"It's been a long time and a lot of things have happened," Gray said. "I don't think it's any secret things [haven't gone] as you would hope for the majority of the year. I think after the second inning, it was just a thing, like, 'Stop fighting myself.'"
Gray allowed a two-run double to light-hitting Blue Jays catcher Josh Thole in the second, needed 53 pitches to get through the first two innings and surrendered a loud solo homer to Edwin Encarnacion to begin the third. But much like in his last start against the Twins, when he allowed one run over six innings and became stronger as the game progressed, Gray again grew stronger, holding Toronto scoreless over his final three innings.
"I think he's getting back and certainly has a little bit more confidence getting deeper into games. It's a good sign for us," A's manager Bob Melvin said.
Gray posted a 6.16 ERA in 12 starts prior to Saturday, and he hadn't won over that stretch. He said for a while he was fighting himself, but believes something has clicked since the Minnesota start.
"I think mentally I found something there a little bit," Gray said. "Just the mentality to attack. And then today was a little bit more of physical and mental together after the second inning. Like I said, 'Mentally, just stop fighting yourself. Don't try to be too perfect.'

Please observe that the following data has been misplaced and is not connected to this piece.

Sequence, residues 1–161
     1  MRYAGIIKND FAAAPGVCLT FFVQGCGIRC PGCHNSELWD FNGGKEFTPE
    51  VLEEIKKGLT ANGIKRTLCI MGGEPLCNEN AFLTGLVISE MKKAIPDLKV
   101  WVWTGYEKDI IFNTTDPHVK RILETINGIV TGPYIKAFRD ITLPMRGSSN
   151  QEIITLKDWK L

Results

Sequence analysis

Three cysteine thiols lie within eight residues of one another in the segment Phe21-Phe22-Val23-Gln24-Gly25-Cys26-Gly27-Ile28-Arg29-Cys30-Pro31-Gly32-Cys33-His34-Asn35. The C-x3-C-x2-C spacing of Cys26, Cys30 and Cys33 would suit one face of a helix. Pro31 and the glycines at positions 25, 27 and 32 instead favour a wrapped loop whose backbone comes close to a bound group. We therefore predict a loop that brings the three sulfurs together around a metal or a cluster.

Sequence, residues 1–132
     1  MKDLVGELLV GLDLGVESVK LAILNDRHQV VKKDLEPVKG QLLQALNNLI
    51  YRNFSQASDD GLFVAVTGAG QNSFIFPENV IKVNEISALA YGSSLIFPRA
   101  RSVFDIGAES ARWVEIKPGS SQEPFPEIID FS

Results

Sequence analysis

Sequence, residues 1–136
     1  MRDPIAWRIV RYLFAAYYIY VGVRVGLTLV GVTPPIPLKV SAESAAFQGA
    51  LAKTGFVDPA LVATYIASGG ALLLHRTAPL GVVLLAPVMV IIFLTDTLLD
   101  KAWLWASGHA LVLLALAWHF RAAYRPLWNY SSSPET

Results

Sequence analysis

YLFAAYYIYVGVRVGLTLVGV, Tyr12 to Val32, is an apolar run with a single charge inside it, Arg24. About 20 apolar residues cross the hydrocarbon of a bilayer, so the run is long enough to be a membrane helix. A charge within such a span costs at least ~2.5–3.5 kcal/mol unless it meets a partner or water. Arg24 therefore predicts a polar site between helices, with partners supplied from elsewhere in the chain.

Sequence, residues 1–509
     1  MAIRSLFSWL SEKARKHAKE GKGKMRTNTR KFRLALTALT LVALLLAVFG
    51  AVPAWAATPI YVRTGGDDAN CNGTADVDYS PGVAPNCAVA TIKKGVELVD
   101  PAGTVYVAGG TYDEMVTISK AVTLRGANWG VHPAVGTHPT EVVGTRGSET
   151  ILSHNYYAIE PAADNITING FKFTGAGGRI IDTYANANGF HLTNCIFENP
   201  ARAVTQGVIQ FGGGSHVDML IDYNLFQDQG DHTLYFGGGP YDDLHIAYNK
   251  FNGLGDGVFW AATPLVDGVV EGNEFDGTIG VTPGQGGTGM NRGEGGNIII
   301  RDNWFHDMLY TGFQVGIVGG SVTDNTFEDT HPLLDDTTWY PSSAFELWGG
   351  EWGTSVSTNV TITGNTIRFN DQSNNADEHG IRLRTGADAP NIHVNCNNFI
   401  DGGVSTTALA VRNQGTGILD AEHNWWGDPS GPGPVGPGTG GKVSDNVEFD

"Even the homer to Encarnacion, he's a big strong guy, and it was a pitch located where I wanted it to be. The last four innings were a big step in the right direction."
The A's could use a resurgence from Gray down the stretch, but his encouraging performance also comes just two weeks before the Aug. 1 non-waiver Trade Deadline. Gray has long been a coveted asset, both by the A's and by contenders, and he was asked if the speculation's weighed on him recently.
"I don't think so," he said. "I've had enough going on myself to worry about anything on the outside. For me, it's just literally trying to stop fighting myself and figure out a way to get a win to get back to pitching winning baseball."
Mark Chiarelli is a reporter for MLB.com based in the Bay Area. This story was not subject to the approval of Major League Baseball or its clubs.